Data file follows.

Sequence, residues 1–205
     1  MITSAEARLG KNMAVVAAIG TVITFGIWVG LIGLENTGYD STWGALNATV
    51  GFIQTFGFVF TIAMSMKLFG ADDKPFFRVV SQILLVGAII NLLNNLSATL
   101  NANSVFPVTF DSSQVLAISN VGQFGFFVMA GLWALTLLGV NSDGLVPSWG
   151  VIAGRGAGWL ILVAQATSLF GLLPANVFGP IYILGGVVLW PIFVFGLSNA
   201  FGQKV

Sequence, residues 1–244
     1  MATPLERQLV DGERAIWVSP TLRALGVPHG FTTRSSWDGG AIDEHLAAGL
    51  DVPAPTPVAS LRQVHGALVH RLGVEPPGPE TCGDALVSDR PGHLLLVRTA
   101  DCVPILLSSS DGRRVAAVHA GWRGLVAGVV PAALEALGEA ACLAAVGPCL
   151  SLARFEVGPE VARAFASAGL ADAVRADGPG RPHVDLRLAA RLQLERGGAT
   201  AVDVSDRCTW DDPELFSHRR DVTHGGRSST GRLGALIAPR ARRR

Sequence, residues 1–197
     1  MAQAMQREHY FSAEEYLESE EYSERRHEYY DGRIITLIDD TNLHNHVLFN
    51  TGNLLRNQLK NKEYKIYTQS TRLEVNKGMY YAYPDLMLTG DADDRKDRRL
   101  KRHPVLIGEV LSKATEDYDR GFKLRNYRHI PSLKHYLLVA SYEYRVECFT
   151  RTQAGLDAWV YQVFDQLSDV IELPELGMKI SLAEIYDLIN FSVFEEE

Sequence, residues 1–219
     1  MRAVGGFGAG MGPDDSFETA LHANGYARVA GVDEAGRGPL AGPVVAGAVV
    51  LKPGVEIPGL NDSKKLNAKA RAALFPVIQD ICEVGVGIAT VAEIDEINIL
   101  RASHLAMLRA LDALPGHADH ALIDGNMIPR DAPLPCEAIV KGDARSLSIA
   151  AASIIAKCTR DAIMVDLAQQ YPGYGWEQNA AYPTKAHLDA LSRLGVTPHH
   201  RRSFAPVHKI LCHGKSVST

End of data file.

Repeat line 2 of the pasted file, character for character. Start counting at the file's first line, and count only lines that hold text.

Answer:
     1  MITSAEARLG KNMAVVAAIG TVITFGIWVG LIGLENTGYD STWGALNATV